I suppose my biggest problem with the film is Nakia; after all, she's a villain in the comics and I don't think I can get behind her as a heroic figure. But even confined to the world of the film she doesn't click for me; throughout the picture she speaks about her conviction that the world needs Wakanda's help but everyone brushes her off; surely when Killmonger seizes power she should at least be momentarily in his thrall? After all, he's given voice to the single most important issue she holds dear. Instead, Nakia turns on Killmonger the moment T'Challa loses his fight. (Of course, Nakia working with Killmonger would also be great because they were allies in the comics)

There’s a lot of affection for the comics in this film - in fact, more than I’m used to seeing; it is not at all ashamed of its roots, unlike so many of Marvel’s film heroes. After an introductory narration the picture kept exposition down pretty well, simply placing the characters and environment on the screen and trusting the audience to keep up.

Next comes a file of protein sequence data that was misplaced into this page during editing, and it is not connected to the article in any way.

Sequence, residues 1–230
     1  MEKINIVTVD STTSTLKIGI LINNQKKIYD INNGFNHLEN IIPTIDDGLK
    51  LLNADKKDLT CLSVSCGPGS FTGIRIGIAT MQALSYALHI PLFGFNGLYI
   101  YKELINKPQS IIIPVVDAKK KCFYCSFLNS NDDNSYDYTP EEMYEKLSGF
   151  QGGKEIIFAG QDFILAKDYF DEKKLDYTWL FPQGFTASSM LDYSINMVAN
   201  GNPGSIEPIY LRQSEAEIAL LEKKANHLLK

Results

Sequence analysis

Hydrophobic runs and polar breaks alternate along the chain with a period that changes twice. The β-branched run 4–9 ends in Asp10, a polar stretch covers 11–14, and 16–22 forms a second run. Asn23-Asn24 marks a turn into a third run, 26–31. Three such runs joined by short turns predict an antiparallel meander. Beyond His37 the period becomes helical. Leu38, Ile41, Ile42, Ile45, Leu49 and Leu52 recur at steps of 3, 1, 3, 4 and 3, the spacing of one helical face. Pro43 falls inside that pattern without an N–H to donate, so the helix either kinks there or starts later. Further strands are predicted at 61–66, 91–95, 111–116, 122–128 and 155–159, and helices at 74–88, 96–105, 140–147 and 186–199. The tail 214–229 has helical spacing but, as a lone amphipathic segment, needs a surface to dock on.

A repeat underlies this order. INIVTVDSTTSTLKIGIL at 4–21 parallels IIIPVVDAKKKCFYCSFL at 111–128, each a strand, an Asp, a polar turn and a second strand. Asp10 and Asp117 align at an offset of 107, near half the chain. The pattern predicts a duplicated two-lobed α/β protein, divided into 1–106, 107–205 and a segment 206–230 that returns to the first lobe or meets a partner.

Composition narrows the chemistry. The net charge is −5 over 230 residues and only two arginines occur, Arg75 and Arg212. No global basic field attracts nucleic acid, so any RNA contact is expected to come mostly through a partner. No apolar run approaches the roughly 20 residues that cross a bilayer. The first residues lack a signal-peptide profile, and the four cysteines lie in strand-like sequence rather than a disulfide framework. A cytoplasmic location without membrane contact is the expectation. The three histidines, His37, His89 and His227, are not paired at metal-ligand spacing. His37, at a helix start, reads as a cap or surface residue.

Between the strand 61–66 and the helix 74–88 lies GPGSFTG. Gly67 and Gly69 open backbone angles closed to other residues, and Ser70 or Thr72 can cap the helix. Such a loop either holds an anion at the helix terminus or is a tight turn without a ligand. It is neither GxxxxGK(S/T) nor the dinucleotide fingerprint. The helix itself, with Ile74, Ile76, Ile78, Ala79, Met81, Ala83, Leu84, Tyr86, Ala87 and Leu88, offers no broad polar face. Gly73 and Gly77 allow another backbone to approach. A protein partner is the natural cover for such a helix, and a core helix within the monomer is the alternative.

The picture is remarkably well-cast (I didn’t hear until a week before release that Daniel Kaluuya was in it). Winston Duke, who I hadn’t heard of before, appears to have had the time of his life as M’Baku, who is so much more fun in this picture than his comic book counterpart is normally permitted to be. I’m a little disappointed that the T’Challa in this picture isn’t the brilliant scientist he is in the comics, but giving the science material to his sister Shuri at least gives that character a function in the story (even though comics’ Shuri was more of a fighter than a thinker). Andy Serkis was admirably looney as Klaw.

Part of what I’ve enjoyed about this crazy shared universe film world Marvel’s been running for the last decade is that you don’t have to wait for the film’s protagonist to get their own sequel before seeing them again. So, we’ll be seeing Chadwick Boseman as the Black Panther again later this year via Avengers: Infinity War. And I’ll see you then.

Creator credits for this movie coming tomorrow

Tuesday, February 13, 2018

Unearthed: All-Negro Comics #1